As the story continues, the Man heads home after spending five days in a row at work, not sleeping and drinking a LOT of coffee, and as we follow him home, he sees all sorts of wierd and wonderful hallucinations, a result of the increased level of caffeine over-stimulating his brain (I tried to foreshadow this slightly, by his visions of an angelic and devilish version of himself talking to him in the third panel on the first page).

I would like to continue using the same colouring effect throughout the book, but experiment with using other mediums to achieve the shading. My ultimate aim is to have produced enough of the book to be able to approach publishers with the complete plan for the book, plus a substantial amount of completed spreads, plus a cover proposal.

Monday, 5 January 2009

Happy Birthday, Arina!

It was my friend Arina's birthday this week, and I was thinking what to get her, when I found these DIY Russian Dolls in Magma, and because she's from Russia, it seemed "Purrfeckt"!

I decided to decorate them to look like some of her friends from our course. Initially I was a bit bemused about drawing on a 3D surface, so started off by taking a photo of the dolls and printing it out, so that I could plan the drawings. Having got an idea of how they would look, I got to work, first drawing the rough outline in pencil, and then going over it in more detail with a black ink pen. The surface of the dolls was good to work on, as it soaked up the ink, so I didn't have to worry about smudging it. I wasn't sure how I was going to be able to colour them, but after a few tests, I realised that felt tip pen was a good medium to use. The wood that the dolls are made from didn't soak up the colours too much and desaturate the appearance, and again, I didn't have to worry about smudging. I refered to various photos to get the right look and outfit for each character, and tried to add in little details that Arina would notice. I'm very happy with how they finally came out, although I wish I'd thought about how small the smallest doll was before I began decorating them, as it proved incredibly fiddly!!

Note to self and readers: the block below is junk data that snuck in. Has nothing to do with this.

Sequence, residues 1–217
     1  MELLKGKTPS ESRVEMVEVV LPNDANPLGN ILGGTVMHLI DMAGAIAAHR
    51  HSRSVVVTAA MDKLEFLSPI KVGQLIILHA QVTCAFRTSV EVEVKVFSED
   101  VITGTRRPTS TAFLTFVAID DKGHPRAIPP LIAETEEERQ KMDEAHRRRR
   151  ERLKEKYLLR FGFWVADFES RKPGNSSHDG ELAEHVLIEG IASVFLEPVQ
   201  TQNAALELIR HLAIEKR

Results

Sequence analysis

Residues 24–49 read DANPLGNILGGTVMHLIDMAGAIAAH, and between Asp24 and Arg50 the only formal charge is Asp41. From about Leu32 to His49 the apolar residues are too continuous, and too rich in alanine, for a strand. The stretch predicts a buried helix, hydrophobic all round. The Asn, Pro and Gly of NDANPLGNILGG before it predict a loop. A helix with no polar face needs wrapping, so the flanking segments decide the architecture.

Top row (from left to right): Arina, Elli and Me
Bottom row: Kazu and Miriam

Friday, 2 January 2009

Colouring experiments





So I need to start work on my illustrated book for my part of my MA project. I wanted to try a new way of colouring my work to add some texture to my images. My normal way of working is to do my drawing by hand, scan it and then colour on the computer using Photoshop. While I like the effects I can create this way, I wanted to experiment with ways in which I can combine both the traditional methods of illustration and the computer-based elements.

I drew my line-art by hand using a black pen on paper, then scanned this (1), and then applied flat colour in Photoshop (2). Next, I took my original drawing, and put another piece of paper over it, and using a lightbox, applied shading using grey pens (3). Finally, I scanned this, and then added it as a layer to my Photoshop image, to create my final image combining both the hand-drawn and computer-based elements (4).

I'm pleased with how this looks, and want to develop it further as part of my MA project...